ARM tells me we should see the first devices using Cortex A17 CPU cores shipping in early 2015. Cortex A17 IP will be available to ARM customers for implementation by the end of this quarter.

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  • ddriver - Tuesday, February 11, 2014 - link

    Bay trail will slip into the lower midrange by the time it gains significant market presence. Intel better step up and make something significantly faster in the GPU department and at least tangible in the CPU to even hope for a profit margin on atoms. Needless to say, OpenCL support to leverage the full aggregate platform performance is a must. And I mean full GPU support, not running OpenCL on the CPU SIMD. Reply
  • zeo - Tuesday, February 11, 2014 - link

    Intel is focusing on improving GPU performance with their next ATOM update, the upcoming 14nm Airmont based Cherry Trail T platform will have a GMA based on Broadwell's Gen8 GMA and only scaled down to 16EUs... This compares to just 4EU's on the Ivy Bridge based Gen7 GMA that Bay Trail uses...

    They're also substantially increasing memory bandwidth and increasing the max supported RAM from 4GB to 8GB for the Tablet SoCs...

    CPU performance will see a much smaller improvement because of the focus on graphics, only a few hundred MHz faster overall, but it should be a better balanced performer than Bay Trail...

    Though, it remains to be seen if the graphical performance does more than just catch up with the competition, as everyone else will be improving too, but we'll see by the end of this year how they really compare...
    Reply
  • lwatcdr - Tuesday, February 11, 2014 - link

    I really wish that Intel would produce a new family that is only X64 compatible and drop all the old kruft going back to the 8086 and for the love of all that is holy remove every vestige of 286 compatibility from the chip. Probably not going to happen because of backward compatibility but I would really like to see it. Reply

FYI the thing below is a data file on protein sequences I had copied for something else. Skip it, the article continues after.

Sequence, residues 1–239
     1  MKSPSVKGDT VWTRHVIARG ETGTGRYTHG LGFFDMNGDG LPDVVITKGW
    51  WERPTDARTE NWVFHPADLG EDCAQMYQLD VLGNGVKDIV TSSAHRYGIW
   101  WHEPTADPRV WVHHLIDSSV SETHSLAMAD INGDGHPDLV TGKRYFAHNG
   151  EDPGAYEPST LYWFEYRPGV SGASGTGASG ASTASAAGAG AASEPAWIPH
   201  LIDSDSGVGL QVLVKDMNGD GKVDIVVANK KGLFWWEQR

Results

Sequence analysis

• DanNeely - Tuesday, February 11, 2014 - link

    Just dropping the ancient never any more used instructions/features would only have a very tiny return; a 286 only had 134k transistors after all. The total savings in a current generation CPU would be somewhat more due to converting the legacy CISC instructions into a stream of opcodes; but still peanuts overall. To really get any major gains they'd need to reassign machine codes to all the instructions that were kept (in a much simpler pattern than x86 accreted to); but that would break binary compatibility of every modern piece of software on the market and while unlike a completely new architecture, converting it over would require little beyond a simple recompile, most of it would never end up being recompiled to the rationalized architecture leading to chicken and egg failure. Reply
  • Krysto - Tuesday, February 11, 2014 - link

    Bay Trail is NOT smartphone chip. Why is this so hard for people to understand. Reply
  • BMNify - Tuesday, February 11, 2014 - link

    "Krystosaid Bay Trail is NOT smartphone chip"
    neither ddriver, or zeo said it was , only you seem to read that...

    mobile chip does not = only mobile smartphone.
    you could for instance make a perfectly fine home video phone with internet connectivity with ether SOC for instance.

    for sure the world's cheapskate cable, smart TV, sat box/card providers will cut their costs to the bone and provide slower STB's etc if they get the lower rated ARM SOC for less and sod the end user functionality as usual, not forgetting the world is far bigger than the USA and many of these emerging world markets need lower power devices far more than you do oc.
    Reply
  • darkich - Tuesday, February 11, 2014 - link

    Nice, but seems inferior to Snapdragon 410. Reply
  • darkich - Tuesday, February 11, 2014 - link

    Yeah , that was a stupid comment..I forgot that Snapdragon 410 uses ARM A53 cores. Reply
  • DanNeely - Tuesday, February 11, 2014 - link

    I'm not surprised about A12 having a really short lifespan. It was widely seen as being a stopgap to fill the void in the power range between the A9 and A15 when first announced. Reply
  • edi_opteron - Tuesday, February 11, 2014 - link

    Yet A17 isn't a new design. Implementing better memory subsystems and higher IPCs in smaller die should logically give some performance boost. Maybe some subtle tweaks here and there but no real advantages over S4plus in real world . I'll be alot more interested to see Kaveri-thingy in Mobile world. Reply